What exactly are the principles of good design?

Simply put, the principles of good design are the tools every artist uses to create an effective composition. These tools are: balance, contrast, emphasis, movement, proportion, repetition, simplicity, space and unity. How well an artist understands and uses these tools will determine if the composition is a weak or strong one. The desired outcome should be a work of art that is both unified and esthetically pleasing to look at. In a series of discussions we’ll take a look at each one of these principles.


Red Rose paintingTyler Rose
Flower Art by Teresa Bernard
16″ x 12″
Oils on stretched canvas

>> More info


Anyone who studies design will soon discover there is no longer a clear-cut line between fine art and applied art anymore. All art, whether it is web or graphic design, architectural or industrial design, commercial or fine art, is subject to the same principles that make up all good design. Just as a fine artist arranges various elements within a painting to create a pleasing composition, so it is with the graphic artist. For example, the fine artist may use objects such as a vase of flowers, bowl of fruit, or a figurine to design a lovely still life composition in a painting, while the graphic artist will use headlines, bodies of text, photos, illustrations and clip-art images to compose a page for print or a webpage for the Internet. It’s not the objects in and of themselves that determine if the design is a good composition or not, it is their arrangement as governed by the principles.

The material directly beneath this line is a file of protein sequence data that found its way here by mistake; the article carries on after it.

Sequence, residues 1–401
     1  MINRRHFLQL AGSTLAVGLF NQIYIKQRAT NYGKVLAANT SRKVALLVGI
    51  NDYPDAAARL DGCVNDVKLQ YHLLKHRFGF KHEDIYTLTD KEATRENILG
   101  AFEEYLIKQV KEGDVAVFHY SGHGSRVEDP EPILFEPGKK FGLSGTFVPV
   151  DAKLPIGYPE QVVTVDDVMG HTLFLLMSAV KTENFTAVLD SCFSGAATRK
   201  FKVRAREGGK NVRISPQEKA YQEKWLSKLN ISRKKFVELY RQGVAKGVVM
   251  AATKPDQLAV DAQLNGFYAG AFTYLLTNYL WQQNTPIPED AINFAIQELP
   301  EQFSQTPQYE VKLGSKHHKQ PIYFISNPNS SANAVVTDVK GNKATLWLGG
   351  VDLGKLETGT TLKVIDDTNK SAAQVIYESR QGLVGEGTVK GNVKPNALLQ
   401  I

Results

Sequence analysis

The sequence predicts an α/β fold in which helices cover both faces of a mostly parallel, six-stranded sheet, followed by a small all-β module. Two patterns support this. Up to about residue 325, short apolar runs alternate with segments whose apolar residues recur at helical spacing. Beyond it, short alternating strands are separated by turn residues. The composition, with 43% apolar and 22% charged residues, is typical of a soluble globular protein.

Defining the principles

  • Balance – a feeling of equality of weight, attention, or attraction of the various elements within the composition as a means of accomplishing unity.
  • Contrast – the difference between elements or the opposition to various elements.
  • Emphasis – the stress placed on a single area of a work or unifying visual theme.
  • Movement – the suggestion of action or direction, the path our eyes follow when we look at a work of art.
  • Proportion – the relation of two things in size, number, amount, or degree.
  • Repetition and rhythm – the act of repeating an element either regularly or irregularly resulting in a rhythm of the repeating elements.
  • Simplicity (a.k.a. visual economy) – the elimination of all non-essential elements or details to reveal the essence of a form.
  • Space – the interval or measurable distance between objects or forms (two dimensional or three dimensional).
  • Unity – the relationship between the individual parts and the whole of a composition. This is the desired result in all great art.

Good art always starts with an idea.

Before beginning any work of art every artist needs to keep in mind that every composition starts with an idea. To use the design principles effectively it is necessary that the artist have an idea to express or an objective in mind. This is vital to the success of any art work. Without a clear objective, even the most conscientious attention to the principles of good design, will result in uninteresting work. However, with an idea clearly in mind a beautiful composition can emerge. Every artist’s goal should be to create a composition in their work that is both unified and interesting to look at.

Questions

  1. In its simplest term, what are the principles of good design?
  2. What is the end result when the good design principles are effectively applied?

Your Next Art Lesson

If you enjoyed this lesson, be sure to check out another one in this series.

Good Design Principles: An Introduction

Good Design Principles: Balance

Good Design Principles: Contrast

Good Design Principles: Emphasis

Good Design Principles: Movement

Good Design Principles: Proportion

Good Design Principles: Space

Good Design Principles: Visual Economy

Good Design Principles: Unity


Principles of Good Design: Balance

design principle balanceThe first basic principle of good design is balance. It is a significant design element because without it a composition will look off. In two dimensional art, balance is all about the visual weightiness of a composition and not the physical weight.